“Do you even think at all?” I blurted out. And the other kids laughed. The boy I’d made fun of ran out of the room crying. I’ll never forget the look on his face before he did.

I paused the story. The kids, the present-day ones, looked alarmed. This is not where they thought the story was going. Most of my stories have happy endings, and along the way involve funny things like zombies with lightsabers, exploding grape slushies, and me launching an offensive disguised as a bush during a game of Capture the Flag. They probably thought I’d made someone cry with joy, or, more likely, by accidentally injuring them in a comical way.

This Amy, they were starting to realize, did something mean. Plain and simple.

“Do you know why I did it?” I asked.

Twelve pairs of wide eyes stared up at me. No one volunteered an answer.

So I gave it to them. “I did it because I wanted to.”

I went on to explain that I loved being the center of attention. I wanted people to like me and think I was funny. So when I saw a chance to make a joke at someone else’s expense…I took it.

That’s what I thought of when I saw this clip from a Louis C.K. interview about how cell phones have changed bullying. (The main point is in the first two minutes, and if you just listen to those, you’ll also miss the language.)

I use this example in particular partly because it’s got something profoundly true to say about how technology can distance us from others. As Louis C.K. says, a cell phone can’t teach empathy.

But I also included it because Louis C.K. is one of many Hollywood figures caught up in a storm of sexual misconduct and abuse. In that aspect of his story, we see some of the complexities of technology: it’s given victims a voice and it’s made it easier for us to hurl condemnation from afar. It’s made entertainers into idols and then publicized their falls.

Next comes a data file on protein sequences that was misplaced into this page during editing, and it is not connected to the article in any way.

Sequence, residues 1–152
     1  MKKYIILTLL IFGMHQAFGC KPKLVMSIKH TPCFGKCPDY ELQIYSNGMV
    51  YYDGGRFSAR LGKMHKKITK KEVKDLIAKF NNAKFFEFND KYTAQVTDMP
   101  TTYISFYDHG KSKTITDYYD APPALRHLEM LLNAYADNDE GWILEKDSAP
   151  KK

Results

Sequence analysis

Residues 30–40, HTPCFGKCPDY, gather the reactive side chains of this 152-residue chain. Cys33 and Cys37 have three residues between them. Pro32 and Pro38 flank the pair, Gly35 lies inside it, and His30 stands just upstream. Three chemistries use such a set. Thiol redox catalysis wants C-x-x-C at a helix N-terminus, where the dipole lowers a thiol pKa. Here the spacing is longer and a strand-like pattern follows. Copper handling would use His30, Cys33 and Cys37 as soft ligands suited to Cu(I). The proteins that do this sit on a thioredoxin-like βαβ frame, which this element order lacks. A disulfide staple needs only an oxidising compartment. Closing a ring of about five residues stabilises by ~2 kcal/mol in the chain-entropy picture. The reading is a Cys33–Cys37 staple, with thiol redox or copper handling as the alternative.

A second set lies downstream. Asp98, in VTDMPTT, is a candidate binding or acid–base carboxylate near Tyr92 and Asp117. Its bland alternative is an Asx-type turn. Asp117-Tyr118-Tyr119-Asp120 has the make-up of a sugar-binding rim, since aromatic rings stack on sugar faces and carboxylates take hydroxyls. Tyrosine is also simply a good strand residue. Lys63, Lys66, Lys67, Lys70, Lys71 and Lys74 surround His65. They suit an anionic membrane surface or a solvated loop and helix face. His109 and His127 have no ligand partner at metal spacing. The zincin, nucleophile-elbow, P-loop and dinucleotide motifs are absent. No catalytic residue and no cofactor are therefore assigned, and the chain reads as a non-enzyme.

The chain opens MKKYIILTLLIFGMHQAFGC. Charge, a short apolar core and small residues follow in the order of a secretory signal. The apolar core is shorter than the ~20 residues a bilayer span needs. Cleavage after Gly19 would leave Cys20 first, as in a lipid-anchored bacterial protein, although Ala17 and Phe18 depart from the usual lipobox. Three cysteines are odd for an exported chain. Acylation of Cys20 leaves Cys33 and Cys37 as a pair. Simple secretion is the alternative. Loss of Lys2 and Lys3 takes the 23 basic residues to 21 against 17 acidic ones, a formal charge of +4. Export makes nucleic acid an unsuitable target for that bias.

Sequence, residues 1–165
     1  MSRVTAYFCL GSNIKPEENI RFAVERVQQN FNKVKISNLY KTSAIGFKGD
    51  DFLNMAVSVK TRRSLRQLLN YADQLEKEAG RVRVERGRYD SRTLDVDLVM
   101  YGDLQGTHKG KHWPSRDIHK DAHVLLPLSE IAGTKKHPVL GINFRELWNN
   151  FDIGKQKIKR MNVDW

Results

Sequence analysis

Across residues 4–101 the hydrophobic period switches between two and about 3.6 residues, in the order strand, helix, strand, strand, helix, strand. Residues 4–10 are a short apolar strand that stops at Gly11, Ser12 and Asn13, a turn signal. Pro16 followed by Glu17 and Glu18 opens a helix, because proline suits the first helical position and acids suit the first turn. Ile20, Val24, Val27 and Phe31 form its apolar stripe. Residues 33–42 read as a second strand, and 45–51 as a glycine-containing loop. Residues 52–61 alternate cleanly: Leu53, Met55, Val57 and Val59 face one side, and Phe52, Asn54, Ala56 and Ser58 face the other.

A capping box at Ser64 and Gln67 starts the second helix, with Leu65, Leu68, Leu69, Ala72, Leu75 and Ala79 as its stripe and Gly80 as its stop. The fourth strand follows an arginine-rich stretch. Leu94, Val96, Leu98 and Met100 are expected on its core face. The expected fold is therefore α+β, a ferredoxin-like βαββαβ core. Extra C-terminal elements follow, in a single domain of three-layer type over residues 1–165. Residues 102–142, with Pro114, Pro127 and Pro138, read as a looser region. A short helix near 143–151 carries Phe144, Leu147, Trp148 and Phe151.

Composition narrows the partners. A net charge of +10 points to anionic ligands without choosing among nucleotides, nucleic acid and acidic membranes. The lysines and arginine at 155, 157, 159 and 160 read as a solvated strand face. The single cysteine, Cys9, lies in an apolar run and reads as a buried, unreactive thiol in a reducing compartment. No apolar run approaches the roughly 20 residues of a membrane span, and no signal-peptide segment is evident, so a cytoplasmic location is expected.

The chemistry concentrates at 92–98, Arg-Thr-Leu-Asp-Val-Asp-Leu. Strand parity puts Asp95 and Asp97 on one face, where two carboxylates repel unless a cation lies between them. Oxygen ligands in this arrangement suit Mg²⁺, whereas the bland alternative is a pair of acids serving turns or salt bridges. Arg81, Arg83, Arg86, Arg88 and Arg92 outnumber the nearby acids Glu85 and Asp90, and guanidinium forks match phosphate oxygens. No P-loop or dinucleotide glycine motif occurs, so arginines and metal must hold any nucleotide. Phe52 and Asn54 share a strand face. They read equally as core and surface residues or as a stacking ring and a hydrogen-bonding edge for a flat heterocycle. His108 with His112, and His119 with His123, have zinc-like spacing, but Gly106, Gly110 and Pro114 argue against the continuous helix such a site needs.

I saw a response by Sarah Silverman, his friend and colleague, who talked about the hurt that comes when someone you love does bad things. What stuck out to me most, though, was at the very end when she said, “We need to be better. We will be better.”

And I have to admit that part of me wondered, “Will we? Does saying it make it true?” (more…)

Let’s Talk About Technology!

During my senior year of high school, we were supposed to write a personal essay on a topic of some kind.

That’s how I remember it, anyway. It’s possible the instructions were more specific than that, but then again, I recall my very structured sister vehemently hating this assignment, so maybe not.

Regardless, I decided to write about writing. More specifically, how much easier (and better) it was to write first drafts by hand rather than using a computer. My teacher loved it. He had me read it out loud to the class, and I confidently waxed eloquent about how the convenience of technology can be a danger as well and how writing is more pure, undistracted, and real when begun by hand.

“There’s something about a computer that distances us from our writing,” my essay declared. “In a way, it could have been anyone’s hands that typed this sentence. Each letter on the keyboard in front of me has been pushed thousands of times and has come out in the same Times New Roman size 12 mold each time. . . . Admitting that it feels intimidating to entrust my writing—in a way, a small part of myself—to the impersonal Document1 makes me feel a bit ridiculous, like I just confessed that I don’t like to have my picture taken because I think that the camera will steal my soul. I know that, logically, this essay would be the same whether typed on a laptop or scribbled in my messy handwriting…but it doesn’t feel the same.”